The World Heritage Road, which promotes tourism in Central Vietnam, has welcomed UNESCO`s recognition of the…
The World Heritage Road, which promotes tourism in Central Vietnam, has welcomed UNESCO`s recognition of the Phong Nha-Ke Bang National Park as a World Natural Heritage Site.
The giant mountain reserve which stretches to the border of Laos is most famous for the spectacular Phong Nha Caves, buried within Vietnam`s largest primeval jungle.
Phong Nha`s grottos and passages extend for 44.5 kilometres into a limestone mountain.
Discovered in 1935, the underground system was opened to tourists three years ago, with stalactite and stalagmite-adorned abysses romantically named `Roads to Hell` and `Roads to Heaven`.
Paul Stoll, Secretary General of World Heritage Road and general manager of the luxury Furama Danang Resort, which is a day-trip from the park, hailed UNESCO`s recognition as yet another feather in the cap for Vietnam tourism.
The reserve earmarked as the country`s next priority ecotourism project is Vietnam`s fifth world heritage site, joining the limestone pinnacles of Ha Long Bay, the ancient imperial city of Hue, the Cham temple ruins of the My Son Valley and the 15th century Silk Route town of Hoi An.
Along with Ha Long Bay, it is the second reserve in Vietnam granted natural heritage status, the other three being cultural and heritage sites.
Just 170 kms from Danang in western Quang Binh Province, Phong Nha-Ke Bang National Park was created in 2001. Covering 10,000 sq kms, it contains the largest primeval forest in Vietnam and the biggest limestone mountain range on the planet. Caves are a major attraction, although of the 300 known underground systems only 20 have been surveyed.
The park has become a recent centre for scientific research. Surveys conducted by Vietnamese scientists with the World Wide Fund for Nature revealed it has the highest natural biodiversity of the country`s 29 national parks and reserves.
Amid crystal clear rivers winding through picturesque valleys beneath towering limestone cliffs rising to 1,000 metres, it is home to 876 animal and 568 plants species — including 26 animals threatened with extinction.
But with thousands of tourists already flocking daily to the park, promoting ecotourism while preserving the unique environment is a major challenge, said Mr Stoll.
One Hanoi developer is already seeking to invest VND 250 billion on hotels and golf courses in a buffer zone beside the reserve.
Provincial tourism chief Tran Tien Dung added: Profit is not the only target. It`s necessary to protect the environment, maintain the primeval ecosystem and protect the biodiversity of the forests.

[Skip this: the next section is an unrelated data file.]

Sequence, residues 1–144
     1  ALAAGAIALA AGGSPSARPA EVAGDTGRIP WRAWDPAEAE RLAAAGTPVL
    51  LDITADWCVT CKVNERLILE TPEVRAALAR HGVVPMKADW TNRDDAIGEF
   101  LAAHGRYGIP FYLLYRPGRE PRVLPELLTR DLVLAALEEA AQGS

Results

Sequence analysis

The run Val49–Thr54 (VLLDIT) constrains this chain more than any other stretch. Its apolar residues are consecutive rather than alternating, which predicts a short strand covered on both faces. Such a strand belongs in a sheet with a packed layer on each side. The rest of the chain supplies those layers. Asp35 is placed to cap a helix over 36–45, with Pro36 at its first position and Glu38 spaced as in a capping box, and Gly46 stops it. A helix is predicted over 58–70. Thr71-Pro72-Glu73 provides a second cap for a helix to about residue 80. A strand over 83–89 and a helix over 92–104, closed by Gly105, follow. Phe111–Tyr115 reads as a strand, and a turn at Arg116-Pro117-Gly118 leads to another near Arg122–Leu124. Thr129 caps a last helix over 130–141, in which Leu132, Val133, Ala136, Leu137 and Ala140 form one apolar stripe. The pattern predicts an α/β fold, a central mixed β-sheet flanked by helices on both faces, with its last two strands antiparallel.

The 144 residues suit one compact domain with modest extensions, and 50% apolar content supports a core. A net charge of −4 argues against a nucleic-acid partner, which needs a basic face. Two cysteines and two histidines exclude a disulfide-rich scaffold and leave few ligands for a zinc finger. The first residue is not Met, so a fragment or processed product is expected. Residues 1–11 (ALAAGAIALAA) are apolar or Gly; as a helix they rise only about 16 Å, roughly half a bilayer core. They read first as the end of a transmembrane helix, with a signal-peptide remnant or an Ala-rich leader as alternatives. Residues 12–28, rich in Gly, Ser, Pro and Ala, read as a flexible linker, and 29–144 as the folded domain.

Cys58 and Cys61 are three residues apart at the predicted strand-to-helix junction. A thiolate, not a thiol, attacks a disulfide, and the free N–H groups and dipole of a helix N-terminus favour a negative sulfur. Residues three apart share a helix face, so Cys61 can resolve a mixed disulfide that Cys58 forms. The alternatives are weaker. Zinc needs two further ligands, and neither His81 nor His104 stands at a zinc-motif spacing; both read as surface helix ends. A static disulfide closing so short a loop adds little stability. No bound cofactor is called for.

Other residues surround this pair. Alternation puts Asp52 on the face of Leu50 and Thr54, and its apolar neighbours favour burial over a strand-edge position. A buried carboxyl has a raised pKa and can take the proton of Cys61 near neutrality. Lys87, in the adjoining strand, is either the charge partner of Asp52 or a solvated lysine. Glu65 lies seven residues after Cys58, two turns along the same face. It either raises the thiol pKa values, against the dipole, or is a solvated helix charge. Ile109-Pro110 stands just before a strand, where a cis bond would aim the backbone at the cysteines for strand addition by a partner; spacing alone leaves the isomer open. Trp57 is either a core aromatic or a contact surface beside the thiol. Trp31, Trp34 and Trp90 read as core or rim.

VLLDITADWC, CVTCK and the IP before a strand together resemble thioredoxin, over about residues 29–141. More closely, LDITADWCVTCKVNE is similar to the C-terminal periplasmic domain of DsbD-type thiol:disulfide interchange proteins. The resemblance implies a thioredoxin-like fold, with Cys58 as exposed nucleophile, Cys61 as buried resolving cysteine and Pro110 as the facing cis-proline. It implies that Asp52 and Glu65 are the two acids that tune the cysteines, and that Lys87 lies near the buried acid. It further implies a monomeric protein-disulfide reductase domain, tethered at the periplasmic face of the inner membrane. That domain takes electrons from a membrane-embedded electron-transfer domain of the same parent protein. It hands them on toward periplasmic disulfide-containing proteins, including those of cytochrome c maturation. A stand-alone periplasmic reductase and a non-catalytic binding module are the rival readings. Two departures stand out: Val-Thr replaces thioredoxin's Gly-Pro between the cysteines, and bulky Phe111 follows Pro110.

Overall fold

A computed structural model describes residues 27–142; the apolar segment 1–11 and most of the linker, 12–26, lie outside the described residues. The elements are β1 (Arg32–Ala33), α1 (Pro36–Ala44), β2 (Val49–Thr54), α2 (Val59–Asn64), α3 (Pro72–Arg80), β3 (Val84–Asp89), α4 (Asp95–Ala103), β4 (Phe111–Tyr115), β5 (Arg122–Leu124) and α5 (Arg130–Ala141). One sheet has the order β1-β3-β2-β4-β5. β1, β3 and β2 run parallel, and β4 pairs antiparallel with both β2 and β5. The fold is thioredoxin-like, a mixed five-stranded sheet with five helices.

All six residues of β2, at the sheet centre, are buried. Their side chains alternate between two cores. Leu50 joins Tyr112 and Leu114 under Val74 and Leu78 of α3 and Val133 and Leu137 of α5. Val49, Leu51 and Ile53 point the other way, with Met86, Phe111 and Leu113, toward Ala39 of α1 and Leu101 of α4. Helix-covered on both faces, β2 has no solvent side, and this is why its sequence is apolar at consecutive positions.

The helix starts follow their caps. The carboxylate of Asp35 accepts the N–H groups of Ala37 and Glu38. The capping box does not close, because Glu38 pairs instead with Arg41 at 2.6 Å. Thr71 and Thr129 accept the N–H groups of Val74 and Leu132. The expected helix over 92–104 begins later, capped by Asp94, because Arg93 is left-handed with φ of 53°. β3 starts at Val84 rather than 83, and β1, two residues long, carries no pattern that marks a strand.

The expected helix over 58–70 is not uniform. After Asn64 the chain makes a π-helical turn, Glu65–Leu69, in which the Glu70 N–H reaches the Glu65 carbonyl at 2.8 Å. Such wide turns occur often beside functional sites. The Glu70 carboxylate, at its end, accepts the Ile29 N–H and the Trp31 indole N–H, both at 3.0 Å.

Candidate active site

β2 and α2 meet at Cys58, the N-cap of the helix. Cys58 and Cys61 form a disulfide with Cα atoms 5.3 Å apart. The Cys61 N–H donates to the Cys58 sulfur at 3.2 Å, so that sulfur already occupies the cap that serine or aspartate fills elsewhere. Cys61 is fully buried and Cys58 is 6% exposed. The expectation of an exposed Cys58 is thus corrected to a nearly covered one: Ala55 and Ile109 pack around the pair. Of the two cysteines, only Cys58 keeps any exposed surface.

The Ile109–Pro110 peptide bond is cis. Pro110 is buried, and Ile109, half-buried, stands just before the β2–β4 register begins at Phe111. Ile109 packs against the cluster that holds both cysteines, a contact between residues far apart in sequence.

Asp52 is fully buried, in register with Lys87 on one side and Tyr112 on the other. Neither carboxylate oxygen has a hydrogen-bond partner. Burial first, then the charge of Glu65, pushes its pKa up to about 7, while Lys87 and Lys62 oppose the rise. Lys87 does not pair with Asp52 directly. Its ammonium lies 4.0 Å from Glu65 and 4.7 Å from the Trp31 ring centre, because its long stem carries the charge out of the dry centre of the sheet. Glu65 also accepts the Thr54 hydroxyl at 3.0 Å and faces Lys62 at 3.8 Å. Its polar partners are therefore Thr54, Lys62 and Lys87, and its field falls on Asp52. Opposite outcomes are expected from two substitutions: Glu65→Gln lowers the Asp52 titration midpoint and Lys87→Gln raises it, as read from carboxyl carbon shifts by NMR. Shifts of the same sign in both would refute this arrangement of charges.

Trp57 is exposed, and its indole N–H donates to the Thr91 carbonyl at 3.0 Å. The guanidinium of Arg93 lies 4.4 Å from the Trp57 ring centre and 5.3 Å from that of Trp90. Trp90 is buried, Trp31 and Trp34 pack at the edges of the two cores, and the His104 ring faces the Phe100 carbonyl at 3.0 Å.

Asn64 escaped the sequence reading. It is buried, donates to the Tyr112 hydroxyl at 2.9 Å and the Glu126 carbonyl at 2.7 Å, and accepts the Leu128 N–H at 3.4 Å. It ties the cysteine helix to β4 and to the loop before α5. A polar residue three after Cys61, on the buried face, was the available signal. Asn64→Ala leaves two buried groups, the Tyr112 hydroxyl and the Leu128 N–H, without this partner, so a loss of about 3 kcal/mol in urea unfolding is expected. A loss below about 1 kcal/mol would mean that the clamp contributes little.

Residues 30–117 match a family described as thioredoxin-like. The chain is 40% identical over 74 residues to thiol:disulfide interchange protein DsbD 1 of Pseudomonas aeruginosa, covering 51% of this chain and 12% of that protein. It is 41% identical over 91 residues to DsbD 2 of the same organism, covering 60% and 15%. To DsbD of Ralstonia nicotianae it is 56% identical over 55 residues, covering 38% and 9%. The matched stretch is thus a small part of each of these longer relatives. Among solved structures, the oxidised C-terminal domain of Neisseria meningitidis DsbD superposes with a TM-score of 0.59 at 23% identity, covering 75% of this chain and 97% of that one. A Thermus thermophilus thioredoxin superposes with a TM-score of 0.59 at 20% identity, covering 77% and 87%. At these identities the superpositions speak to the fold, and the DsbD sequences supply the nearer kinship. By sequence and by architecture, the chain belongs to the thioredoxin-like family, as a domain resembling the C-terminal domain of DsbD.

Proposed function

Another priority is protecting the cultures of minority tribes in the park.
Dand Dong Ha, director of Phong Nha Tourism Centre, said ecotourism in the area would eventually extend to walks in primeval forests, mountain treks to ethnic villages and historical sites on what was formerly known as the Ho Chi Minh Trail.
Halting illegal hunting and trapping of wildlife was a decisive element that won UNESCO recognition for the park, said Mr Stoll.
But with rich resources and great potential for ecotourism, the park can become one of the most wonderful tourist sites in Vietnam.
The new World Heritage site has been recognised as the government prepares to mount a special tourism promotion campaign for Central Vietnam with a year-long series of cultural festivals and unique spectacles in 2004.
Mr Stoll predicted: The national promotion campaign will make the travel trade aware of the cultural diversity and beautiful environment of Central Vietnam and contribute to a speedy recovery of tourism in the aftermath of SARS.
Vicky is the co-founder of TravelDailyNews Media Network where she is the Editor-in Chief. She is also responsible for the daily operation and the financial policy. She holds a Bachelor's degree in Tourism Business Administration from the Technical University of Athens and a Master in Business Administration (MBA) from the University of Wales. She has many years of both academic and industrial experience within the travel industry. She has written/edited numerous articles in various tourism magazines.